Note: Hopefully I didn’t lose anyone here, but I know that not everyone is mathematically inclined. If you’d like a nice formula for doing this calculation it’s:
If I withdraw money from my RRSP to buy my $15,000 boat, it’s going to end up costing me $24,338.80! This is likely a very bad idea, and I should probably just save the money and buy my boat next summer instead.
But now I know the implications of withdrawing funds from an RRSP!…
A very effective strategy to helping you fight your way out of debt is to use a snowball! That is, utilize the snowball debt repayment strategy.
Think of your total debt as a snowball. Paying off that debt is analogous to melting away the layers of snow, until it had completely melted. The key here, is not to use your credit in the meantime, otherwise you’re defeating the purpose of entirely eliminating your debt. To curb your spending use another frigid solution: place your cards on ice… literally! Freeze them in a water filled container in your freezer. This way, you’ll have to go through the trouble of defrosting them if you need to use the card. Hopefully this will give you the time to consider making a wiser spending decision. But I digress…
Now, how do you employ this strategy? Say you have three monthly debt payments: a store credit card (such as a Sears or HBC card), a major credit card (such as a Visa, MasterCard, or AMEX), and a bank line of credit.
Listed are the interest rates on each of these debts, and the minimum percentage payment of the balance, and the total minimum monthly payment that you must make (let’s say you must only pay interest towards the line of credit, hence 0% in our example below).
So, in this example, your total monthly debt payments are: $38.39 + $76.16 + $70.83 = $185.38.
Now, you’re committed to paying off this debt, and have decided that you will allocate $250 per month to do so. It’s not a significant amount, but it’s all you can afford at the moment. Don’t worry, it’s a step in the right direction!
Now the snowball part: each of these debts is one layer of the snowball. The key here is to pay off the highest interest debt first (the outside layer of the snowball, so to speak), since it is costing you the most money that does not go towards the principal (the original amount borrowed). Note however, that you always want to pay the minimum monthly payment to all your bills so you don’t get dinged with penalty charges, or worse: collection agents!
In the first month, since our HBC card has the highest rate, we pay the minimum balance on our Visa and Credit Line ($76.16 + $70.83 = $146.99), leaving us $103.01 to put towards the HBC card. Now, we continue to pay $103.01 on to our HBC card until is has been entirely paid off. Now’s the time to destroy your card and cancel the account. Step one accomplished!
Now you continue as before, making your minimum credit line payment of $70.83, and now you have a whole $179.17 to pay towards your Visa every month! Once it’s done, cut it, cancel it, and concentrate on the credit line!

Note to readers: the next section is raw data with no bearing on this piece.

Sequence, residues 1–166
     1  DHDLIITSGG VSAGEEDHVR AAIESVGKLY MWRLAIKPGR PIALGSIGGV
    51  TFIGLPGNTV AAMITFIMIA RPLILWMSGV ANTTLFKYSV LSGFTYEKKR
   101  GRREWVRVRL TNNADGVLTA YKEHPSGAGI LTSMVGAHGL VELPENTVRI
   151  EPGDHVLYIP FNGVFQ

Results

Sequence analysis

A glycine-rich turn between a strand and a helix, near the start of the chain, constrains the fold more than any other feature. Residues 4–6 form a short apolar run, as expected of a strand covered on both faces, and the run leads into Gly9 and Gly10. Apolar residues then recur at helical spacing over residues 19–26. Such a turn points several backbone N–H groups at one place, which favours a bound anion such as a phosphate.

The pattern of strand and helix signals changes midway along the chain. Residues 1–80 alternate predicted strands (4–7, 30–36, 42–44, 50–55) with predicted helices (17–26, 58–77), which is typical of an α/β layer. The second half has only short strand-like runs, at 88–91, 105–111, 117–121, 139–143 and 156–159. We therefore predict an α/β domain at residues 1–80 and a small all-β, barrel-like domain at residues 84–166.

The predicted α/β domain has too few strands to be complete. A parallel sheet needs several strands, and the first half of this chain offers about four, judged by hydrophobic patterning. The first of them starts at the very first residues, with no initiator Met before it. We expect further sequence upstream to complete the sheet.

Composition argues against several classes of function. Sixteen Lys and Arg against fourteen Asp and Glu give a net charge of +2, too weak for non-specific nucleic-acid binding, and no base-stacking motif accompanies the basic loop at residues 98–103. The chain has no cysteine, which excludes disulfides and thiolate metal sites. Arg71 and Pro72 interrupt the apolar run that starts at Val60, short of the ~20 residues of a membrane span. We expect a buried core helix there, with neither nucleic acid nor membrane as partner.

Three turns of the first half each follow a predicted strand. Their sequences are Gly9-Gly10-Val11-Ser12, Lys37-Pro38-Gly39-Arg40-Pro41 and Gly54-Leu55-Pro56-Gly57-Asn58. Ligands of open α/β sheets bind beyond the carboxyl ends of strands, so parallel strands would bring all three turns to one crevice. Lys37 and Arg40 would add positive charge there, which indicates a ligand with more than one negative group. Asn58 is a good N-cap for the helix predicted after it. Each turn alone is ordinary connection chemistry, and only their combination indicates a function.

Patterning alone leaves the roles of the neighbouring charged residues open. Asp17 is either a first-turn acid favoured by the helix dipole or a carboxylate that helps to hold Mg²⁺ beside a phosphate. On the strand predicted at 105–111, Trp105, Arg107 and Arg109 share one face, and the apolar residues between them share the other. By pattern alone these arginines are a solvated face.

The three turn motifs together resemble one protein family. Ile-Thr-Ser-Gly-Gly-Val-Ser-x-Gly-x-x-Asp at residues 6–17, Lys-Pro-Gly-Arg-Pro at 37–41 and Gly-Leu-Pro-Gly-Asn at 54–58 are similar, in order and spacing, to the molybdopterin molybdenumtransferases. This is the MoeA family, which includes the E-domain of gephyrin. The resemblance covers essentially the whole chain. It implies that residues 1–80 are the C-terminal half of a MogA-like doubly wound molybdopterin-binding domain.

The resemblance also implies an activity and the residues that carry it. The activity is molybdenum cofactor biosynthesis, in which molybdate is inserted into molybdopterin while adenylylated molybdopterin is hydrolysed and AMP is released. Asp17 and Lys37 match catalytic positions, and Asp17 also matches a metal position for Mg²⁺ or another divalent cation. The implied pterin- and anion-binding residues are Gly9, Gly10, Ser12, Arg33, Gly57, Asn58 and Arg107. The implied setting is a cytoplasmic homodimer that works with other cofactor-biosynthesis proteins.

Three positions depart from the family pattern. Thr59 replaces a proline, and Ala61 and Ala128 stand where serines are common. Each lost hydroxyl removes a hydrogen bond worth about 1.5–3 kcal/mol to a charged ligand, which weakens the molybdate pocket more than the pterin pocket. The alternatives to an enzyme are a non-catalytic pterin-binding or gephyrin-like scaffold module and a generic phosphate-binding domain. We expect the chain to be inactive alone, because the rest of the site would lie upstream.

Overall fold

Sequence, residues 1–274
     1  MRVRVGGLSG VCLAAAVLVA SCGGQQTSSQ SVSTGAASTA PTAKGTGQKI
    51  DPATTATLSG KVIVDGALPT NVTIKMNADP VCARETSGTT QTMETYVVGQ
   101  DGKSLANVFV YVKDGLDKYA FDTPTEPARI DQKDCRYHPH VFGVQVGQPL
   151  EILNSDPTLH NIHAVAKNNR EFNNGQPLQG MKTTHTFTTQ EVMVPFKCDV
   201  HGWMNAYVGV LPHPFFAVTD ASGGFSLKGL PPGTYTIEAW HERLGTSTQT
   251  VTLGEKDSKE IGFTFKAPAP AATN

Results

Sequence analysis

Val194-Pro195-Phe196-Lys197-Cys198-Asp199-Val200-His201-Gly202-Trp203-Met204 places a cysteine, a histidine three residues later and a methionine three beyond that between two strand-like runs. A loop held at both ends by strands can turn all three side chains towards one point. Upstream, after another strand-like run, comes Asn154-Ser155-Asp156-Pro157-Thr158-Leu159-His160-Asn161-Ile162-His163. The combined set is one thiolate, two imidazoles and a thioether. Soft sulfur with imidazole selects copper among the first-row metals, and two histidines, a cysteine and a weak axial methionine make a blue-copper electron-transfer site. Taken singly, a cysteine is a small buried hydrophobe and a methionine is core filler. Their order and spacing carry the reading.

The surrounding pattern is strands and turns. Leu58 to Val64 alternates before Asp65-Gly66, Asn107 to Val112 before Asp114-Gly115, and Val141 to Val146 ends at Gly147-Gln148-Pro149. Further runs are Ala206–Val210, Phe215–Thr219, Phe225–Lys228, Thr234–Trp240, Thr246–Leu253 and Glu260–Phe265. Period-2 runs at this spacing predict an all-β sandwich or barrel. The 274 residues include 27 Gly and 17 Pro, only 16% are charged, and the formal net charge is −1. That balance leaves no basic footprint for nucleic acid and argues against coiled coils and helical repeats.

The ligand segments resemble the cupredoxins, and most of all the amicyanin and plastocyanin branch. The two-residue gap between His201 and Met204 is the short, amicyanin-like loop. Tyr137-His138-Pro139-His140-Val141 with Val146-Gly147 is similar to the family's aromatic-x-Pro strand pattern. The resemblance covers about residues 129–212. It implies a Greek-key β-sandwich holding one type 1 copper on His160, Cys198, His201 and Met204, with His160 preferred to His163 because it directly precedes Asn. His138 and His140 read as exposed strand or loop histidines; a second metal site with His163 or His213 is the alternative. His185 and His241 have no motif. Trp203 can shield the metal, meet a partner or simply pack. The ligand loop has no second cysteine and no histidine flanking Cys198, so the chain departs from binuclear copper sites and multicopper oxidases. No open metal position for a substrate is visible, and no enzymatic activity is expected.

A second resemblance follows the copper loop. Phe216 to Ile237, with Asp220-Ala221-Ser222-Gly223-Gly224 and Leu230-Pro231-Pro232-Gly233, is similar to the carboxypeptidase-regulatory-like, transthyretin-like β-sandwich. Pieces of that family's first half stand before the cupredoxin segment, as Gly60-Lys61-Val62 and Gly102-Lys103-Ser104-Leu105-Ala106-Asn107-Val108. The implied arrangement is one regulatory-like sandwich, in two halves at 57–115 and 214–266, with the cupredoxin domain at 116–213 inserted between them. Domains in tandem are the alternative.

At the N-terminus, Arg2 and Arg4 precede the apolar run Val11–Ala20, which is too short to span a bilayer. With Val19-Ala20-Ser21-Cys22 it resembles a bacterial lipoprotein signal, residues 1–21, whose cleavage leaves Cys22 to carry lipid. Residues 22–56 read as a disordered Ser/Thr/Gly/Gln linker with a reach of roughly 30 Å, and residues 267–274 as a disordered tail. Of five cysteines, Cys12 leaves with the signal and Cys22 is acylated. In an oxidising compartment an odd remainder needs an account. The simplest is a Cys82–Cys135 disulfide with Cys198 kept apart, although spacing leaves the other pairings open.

Now that your other debts are paid, you can contribute the entire $250 per month towards paying down your credit line!
Paying off your debts isn’t easy, but once completed you have control of all your money. In our example here, it’s like having an extra $250 per month to do with whatever you’d like! Personally, I’d recommend saving or investing it, but that’s up to you. It is your money after all.…
The Benefits Of An RRSP
Continuing from yesterday… (you might want to go back and read it, if you haven’t)
The main benefit of saving to an RRSP is that any amount* you contribute is tax-deductible. But what does that mean?
(*Note: there is actually a limit to the amount you can deposit in RRSPs in a year. It’s 18% of your gross annual income up to a certain amount. In 2009, the amount is $21,000. So if you make over $116,667/year… awesome , but you contributions are capped.)
For example, let’s say you earn $50,000, and are in a 20% (fictional, but for illustrative purposes) tax bracket. This means, come April when you sit down to do your taxes, you’ll find that you owe the government:
Tax Owing: $50,000 x 20% = $10,000
Now, either you’ll have had the correct amount deducted by your employer, or you might have even paid too much tax, and you’ll get some money back in a refund! But the worst case is, you may not have paid enough tax, and you’ll owe the government.
Continuing the example above, say that you maximize your RRSP contribution (by saving the whole 18%, as mentioned previously)
RRSP Contribution: $50,000 x 18% = $9,000
When you now calculate your income tax owing, you get to deduct (subtract) your contribution!
New Tax Owing: ($50,000 – $9,000) x 20% = $41,000 x 20% = $8,200
Tax Savings: $10,000 – $8,200 = $1,800!
There’s even more tax savings to be had when your RRSP contribution drops you from a higher tax bracket to a lower one.
Now, you will have to pay income tax on the money you contributed eventually. An RRSP allows you to defer your tax, that is, the government assumes that when you retire your income will be lower than while you were working and any income, in this case, paid from your RRSP will be taxed at a lower rate. But the real advantage is that the growth of your investment through compounding interest, dividends, or capital gains are tax free as long as they are held in your RRSP!
If you do withdraw funds from your RRSP prior to retirement, you will pay a hefty amount of tax since it’s counted as income, and will be taxed at your highest marginal tax rate. However, there are some exceptions! (Of course.)…